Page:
Australian government response shows passivity in response to climate change

By denying the role of coal emissions in recent bush fires, Morrison neglects to prevent Australia from future disasters.

Amanda Frese, Opinions Editor

(This story was originally published in print on Jan. 23, 2020).

When I was 13 years old, the Rim Fire burned through forests in Tuolumne County—where I grew up. A few years after the fire, my dad and I drove through the burned area. I looked out the window at the trees that now looked like toothpicks stretched across mountainsides. We drove by the creek where my dad had first taken me fishing. It was unrecognizable. The ferns and cedar trees that lined its water pools were completely gone. While I stared at the blackened trunks of dead trees, my dad told me it broke his heart to see the country that he grew up exploring completely burned.

The Rim Fire in California burned 257,314 acres. The bushfires in Australia have already burned 14.5 million acres. Australia is facing devastation to their land on a scale I could never imagine. 

The Great Barrier Reef faces decay, kelp forests are disappearing and rainforests are burning. According to TIME, hundreds of homes have burned and at least 24 people have died. The World Wildlife Fund reported that nearly 1.25 billion animals died as the fires push entire species closer to extinction. However, the Australian government has not responded to this heartbreaking devastation by defending their country and its ecosystem. Instead, they’ve defended their coal industries. Regardless of whether or not climate change is the cause of the intensity of the fires, the government’s choice to defend industries that stand for environmental degradation in the face of such a devastating loss shows passivity when it comes to caring for the land they were elected to govern and protect.

Read more “Australia’s Prime Minister is addressing climate change without sacrificing economic stability.


Throughout his governance, Australian Prime Minister Scott Morrison repeatedly said that Australia has adequately curbed emissions, especially since the population of Australia is relatively small, the New York Times reported. However, Morrison’s platform for his election in 2018 was, in part, catering to the needs of coal miners and the mining industry.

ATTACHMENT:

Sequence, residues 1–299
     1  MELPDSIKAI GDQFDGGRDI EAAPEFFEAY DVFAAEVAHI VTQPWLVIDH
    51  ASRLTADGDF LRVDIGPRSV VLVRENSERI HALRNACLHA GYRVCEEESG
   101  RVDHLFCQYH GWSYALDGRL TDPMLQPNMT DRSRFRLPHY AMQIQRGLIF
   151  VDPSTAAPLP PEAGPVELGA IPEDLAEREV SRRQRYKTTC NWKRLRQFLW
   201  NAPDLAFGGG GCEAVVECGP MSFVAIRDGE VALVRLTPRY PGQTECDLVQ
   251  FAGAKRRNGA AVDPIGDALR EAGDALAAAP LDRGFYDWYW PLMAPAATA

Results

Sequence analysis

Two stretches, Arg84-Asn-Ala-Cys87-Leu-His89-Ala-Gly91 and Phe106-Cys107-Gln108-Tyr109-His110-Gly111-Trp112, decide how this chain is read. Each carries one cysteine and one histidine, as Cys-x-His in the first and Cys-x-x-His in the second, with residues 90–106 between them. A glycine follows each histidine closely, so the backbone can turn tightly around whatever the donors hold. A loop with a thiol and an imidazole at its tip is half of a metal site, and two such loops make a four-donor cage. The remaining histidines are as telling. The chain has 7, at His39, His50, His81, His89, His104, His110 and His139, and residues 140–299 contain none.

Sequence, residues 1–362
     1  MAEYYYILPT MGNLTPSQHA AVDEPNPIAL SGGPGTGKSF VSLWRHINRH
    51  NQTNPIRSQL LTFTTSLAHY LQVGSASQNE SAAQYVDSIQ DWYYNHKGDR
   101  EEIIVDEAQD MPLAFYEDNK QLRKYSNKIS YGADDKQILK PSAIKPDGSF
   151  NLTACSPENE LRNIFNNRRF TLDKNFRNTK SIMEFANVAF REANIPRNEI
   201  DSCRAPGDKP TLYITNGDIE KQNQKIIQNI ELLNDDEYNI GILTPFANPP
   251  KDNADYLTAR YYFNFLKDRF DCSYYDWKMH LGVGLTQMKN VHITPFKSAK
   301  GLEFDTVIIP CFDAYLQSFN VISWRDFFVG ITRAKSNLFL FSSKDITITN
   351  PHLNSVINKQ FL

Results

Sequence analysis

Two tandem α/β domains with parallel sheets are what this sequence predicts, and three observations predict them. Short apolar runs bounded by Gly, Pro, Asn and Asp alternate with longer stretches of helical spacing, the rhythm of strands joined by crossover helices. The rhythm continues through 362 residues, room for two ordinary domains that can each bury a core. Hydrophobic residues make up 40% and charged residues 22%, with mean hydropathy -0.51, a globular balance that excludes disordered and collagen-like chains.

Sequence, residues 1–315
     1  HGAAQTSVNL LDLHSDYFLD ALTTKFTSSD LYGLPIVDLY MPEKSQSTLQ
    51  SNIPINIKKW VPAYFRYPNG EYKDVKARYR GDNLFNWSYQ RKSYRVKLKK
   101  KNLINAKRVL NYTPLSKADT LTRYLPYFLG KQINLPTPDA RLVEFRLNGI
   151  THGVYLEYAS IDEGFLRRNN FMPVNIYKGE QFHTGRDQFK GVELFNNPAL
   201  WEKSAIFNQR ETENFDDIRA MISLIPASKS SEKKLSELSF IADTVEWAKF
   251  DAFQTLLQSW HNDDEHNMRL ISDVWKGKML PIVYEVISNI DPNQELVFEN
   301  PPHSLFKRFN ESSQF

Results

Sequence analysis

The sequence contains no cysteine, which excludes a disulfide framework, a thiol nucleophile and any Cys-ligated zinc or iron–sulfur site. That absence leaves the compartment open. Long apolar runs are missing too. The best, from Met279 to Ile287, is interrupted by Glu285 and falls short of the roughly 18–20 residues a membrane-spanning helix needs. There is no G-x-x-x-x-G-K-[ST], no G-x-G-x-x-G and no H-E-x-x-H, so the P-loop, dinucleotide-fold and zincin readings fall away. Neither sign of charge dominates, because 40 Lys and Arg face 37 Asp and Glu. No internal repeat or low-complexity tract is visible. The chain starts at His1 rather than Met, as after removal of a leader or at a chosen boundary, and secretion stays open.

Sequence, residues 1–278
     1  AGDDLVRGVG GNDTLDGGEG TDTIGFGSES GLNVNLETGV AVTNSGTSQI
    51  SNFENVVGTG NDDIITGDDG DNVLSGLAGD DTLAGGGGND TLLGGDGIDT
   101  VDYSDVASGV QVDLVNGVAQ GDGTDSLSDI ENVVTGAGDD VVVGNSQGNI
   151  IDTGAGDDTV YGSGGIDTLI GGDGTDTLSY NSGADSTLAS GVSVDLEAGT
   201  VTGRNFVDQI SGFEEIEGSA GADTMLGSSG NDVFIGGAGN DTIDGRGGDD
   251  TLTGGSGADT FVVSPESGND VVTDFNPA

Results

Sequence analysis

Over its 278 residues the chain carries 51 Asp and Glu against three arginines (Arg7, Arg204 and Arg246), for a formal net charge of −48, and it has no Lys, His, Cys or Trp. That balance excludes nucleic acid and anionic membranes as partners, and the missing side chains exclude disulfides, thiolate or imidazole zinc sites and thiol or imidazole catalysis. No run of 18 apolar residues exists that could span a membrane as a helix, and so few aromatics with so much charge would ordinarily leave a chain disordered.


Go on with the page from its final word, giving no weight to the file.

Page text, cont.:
Australia contributes massively to coal exports and has a diverse ecosystem with plants and species that are especially vulnerable to emissions. Under the Paris Climate Agreement, Australia was set to reduce climate emissions 26-38% by 2030 compared to their 2005 emissions. However, according to BBC News, the UN found there had been no improvements in climate policy or reduction in emissions since 2017. By neglecting to limit coal exports—which admittedly are valuable to the economy—Morrison’s passivity allowed emissions to fuel the bushfires. Had Morrison considered taking action against climate change, such as placing restrictions on industries that contribute to emissions, Australia could have avoided the severity of the recent bushfires. 


Though the bushfires are the worst reported in Australian history, Morrison declined to consider major changes in policy regarding fossil fuels, coal and renewable energy, according to a recent interview with ABC News Australia. Instead, he promised “historic change” in how and when defense resources are deployed in the event of a natural disaster. Morrison proposes focusing on relief in fires, cyclones, floods and drought—prioritizing what he believes to be a practical response to disaster. However, this is not the historic change many Australians were hoping for. 

Though Morrison argues that focusing on disaster relief is just as effective in fighting against climate change as reducing emissions, the Australian government can only respond to a disaster after it occurs. By limiting coal exports, the government would limit emissions—actively preventing damage before disaster strikes. 

By neglecting to address the coal industry’s emission contribution in Australia, Morrison denies his role in allowing the bushfires to grow in severity. Rather than address his short fallings as a leader in protecting the Australian environment, Morrison proposed a solution that ignored the coal industry’s contribution to climate change altogether. His change in policy is not historic. It is only a desperate reaction to the devastation he knew he had the power to prevent. 


Morrison’s inability to address climate change marks a turning point in how governments should respond to disaster that can be prevented through environmental preservation. Morrison made the decision to put the economy before the environment, focusing on upholding the coal industry and providing resources for relief after fires, rather than limiting emissions that could prevent intense fires in the future. 

However, governments around the world can learn from the damage this has caused to Australia. 

Reflecting on the fires that impacted my home, I understand that the environment is home to the memories of the people who have lived and explored the land, the species and the plants. If it is within the government’s power to protect this, then they should do whatever they possibly can to prevent intense destruction. There is no amount of money that completely reverses the impact of the loss of firefighters, homes and animals. Morrison did not protect Australia. However, by reducing emissions and limiting the use of fossil fuels, governments everywhere have the capability to care for the environment they were elected to protect. Through climate action, leaders everywhere have the chance to protect their communities before heartbreaking disaster strikes. 

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